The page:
Israel, U.S. loan guarantee clouded by security barrier

Friday, August 22, 2003

JERUSALEM -- Israel and the U.S. have signed a $9 billion dollar loan guarantee agreement clouded by Israeli plans for a security barrier cutting deep into the West Bank, a Finance Ministry official said Thursday.

U.S. officials said last month they were considering reducing the loan guarantees by the same amount Israel spends on any sections of the disputed, partially built barrier that extend beyond the so-called "Green Line" marking Israel's eastern border.

Israeli officials and the U.S. Agency for International Development signed the agreement Wednesday, Israel's Deputy Accountant General Eldad Fresher said.

He said the agreement "requires Israel to report to the U.S. on the expenditures it makes over the Green Line and defines how they will be dealt with." He declined to say whether that meant that every dollar spent on the security barrier beyond Israel's border would be subtracted from the value of the loan deal.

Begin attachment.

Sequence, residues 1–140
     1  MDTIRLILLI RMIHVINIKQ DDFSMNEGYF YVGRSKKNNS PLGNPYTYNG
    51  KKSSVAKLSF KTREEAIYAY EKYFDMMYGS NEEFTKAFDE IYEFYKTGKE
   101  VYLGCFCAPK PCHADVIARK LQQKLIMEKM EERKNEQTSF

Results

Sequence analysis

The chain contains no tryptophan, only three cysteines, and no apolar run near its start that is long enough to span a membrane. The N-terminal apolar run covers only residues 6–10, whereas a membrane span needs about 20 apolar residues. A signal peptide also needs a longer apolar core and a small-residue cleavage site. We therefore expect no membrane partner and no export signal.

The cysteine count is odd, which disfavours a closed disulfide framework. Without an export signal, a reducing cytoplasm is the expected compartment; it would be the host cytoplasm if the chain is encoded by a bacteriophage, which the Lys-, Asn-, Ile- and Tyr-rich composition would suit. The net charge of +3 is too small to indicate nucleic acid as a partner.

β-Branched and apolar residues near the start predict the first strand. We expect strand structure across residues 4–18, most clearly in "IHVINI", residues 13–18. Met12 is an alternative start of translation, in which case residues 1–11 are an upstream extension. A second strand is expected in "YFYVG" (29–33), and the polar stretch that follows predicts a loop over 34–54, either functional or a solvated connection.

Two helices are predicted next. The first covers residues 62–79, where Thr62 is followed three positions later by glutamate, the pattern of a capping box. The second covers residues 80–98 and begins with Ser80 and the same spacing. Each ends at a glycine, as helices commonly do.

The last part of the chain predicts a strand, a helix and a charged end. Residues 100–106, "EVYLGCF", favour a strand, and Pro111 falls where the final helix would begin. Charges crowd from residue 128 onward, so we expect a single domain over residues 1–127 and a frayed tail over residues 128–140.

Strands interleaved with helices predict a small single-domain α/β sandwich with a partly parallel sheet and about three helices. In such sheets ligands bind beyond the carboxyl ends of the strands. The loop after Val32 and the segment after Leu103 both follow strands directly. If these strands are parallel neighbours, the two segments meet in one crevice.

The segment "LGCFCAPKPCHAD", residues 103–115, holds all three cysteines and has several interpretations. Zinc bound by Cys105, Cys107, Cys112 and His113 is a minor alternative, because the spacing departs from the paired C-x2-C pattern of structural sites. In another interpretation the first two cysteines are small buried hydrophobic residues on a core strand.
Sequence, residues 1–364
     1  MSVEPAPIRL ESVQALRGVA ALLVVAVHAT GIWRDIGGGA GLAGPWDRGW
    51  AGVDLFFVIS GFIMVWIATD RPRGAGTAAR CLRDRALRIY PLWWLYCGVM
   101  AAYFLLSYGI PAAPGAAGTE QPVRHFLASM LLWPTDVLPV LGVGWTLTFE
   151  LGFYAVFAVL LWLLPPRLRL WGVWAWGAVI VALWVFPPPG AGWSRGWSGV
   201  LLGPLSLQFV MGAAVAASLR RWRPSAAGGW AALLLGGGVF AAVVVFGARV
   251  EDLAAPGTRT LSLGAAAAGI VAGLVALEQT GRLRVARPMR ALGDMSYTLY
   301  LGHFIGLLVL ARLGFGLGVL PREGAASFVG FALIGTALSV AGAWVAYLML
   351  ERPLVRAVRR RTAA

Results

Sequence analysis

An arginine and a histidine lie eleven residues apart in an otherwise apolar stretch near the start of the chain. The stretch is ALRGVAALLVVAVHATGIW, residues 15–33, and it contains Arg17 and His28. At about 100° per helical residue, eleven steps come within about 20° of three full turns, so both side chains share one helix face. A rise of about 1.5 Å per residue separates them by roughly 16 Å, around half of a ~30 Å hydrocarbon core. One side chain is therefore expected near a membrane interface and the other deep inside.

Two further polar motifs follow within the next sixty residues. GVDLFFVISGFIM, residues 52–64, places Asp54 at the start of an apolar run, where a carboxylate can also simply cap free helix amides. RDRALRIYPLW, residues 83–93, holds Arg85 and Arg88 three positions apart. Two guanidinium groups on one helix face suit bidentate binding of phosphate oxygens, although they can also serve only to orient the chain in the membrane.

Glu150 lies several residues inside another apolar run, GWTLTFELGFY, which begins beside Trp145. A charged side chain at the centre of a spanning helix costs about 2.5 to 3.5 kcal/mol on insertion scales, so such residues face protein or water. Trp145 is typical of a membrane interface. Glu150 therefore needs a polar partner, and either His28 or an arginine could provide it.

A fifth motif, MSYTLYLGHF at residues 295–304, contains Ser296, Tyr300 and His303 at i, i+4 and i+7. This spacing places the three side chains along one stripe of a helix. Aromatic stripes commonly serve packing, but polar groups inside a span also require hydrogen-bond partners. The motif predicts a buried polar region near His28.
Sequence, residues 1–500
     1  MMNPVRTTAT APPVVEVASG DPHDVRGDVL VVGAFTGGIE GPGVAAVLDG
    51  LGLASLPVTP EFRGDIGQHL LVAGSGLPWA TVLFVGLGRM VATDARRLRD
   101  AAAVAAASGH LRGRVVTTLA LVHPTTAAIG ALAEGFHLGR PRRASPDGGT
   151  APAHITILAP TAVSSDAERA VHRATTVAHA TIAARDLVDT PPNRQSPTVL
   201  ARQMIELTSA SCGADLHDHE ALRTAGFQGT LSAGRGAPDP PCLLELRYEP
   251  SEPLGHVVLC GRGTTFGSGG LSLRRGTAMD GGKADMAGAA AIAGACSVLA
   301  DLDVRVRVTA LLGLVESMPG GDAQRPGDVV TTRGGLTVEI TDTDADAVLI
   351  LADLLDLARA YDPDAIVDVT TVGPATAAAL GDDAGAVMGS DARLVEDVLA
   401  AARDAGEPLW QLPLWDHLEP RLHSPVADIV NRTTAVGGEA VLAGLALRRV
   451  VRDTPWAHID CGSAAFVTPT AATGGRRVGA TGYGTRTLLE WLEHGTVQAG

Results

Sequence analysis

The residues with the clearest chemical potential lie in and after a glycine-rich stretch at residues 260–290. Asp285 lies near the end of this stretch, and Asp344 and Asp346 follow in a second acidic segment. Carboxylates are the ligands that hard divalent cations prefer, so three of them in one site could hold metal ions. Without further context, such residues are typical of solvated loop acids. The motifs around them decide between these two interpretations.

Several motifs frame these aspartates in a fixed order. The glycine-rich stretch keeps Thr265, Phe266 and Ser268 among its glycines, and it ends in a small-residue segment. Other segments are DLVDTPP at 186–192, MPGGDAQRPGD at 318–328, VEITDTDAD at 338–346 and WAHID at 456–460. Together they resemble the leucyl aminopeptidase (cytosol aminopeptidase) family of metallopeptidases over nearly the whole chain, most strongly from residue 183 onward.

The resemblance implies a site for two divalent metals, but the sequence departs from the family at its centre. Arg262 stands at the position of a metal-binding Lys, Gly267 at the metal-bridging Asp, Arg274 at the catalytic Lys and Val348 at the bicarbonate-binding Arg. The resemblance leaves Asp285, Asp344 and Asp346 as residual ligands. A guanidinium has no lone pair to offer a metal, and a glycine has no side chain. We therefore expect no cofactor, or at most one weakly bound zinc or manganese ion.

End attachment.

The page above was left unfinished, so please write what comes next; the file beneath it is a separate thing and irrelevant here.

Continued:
Some sections of the 370-mile-long barrier are planned to plunge deep into the West Bank, cutting off towns and blocking Palestinians from jobs in Israel or other parts of the West Bank.

The first 90-mile section of the fence was complete in July.

The loan guarantee is regarded as crucial to stabilizing the Israeli economy; per capita income has fallen from $18,000 to about $15,000 per year since the outbreak of Israeli-Palestinian violence in September 2000, and unemployment is approaching 11 percent.

Israel plans to raise the first $3 billion backed by the guarantee later this year.

As part of the loan deal, Israel promised the United States it would carry out a series of economic reforms and reduce its 2004 budget deficit to three per cent of GDP. In 2003 the budget deficit is expected to reach 5.5 percent.

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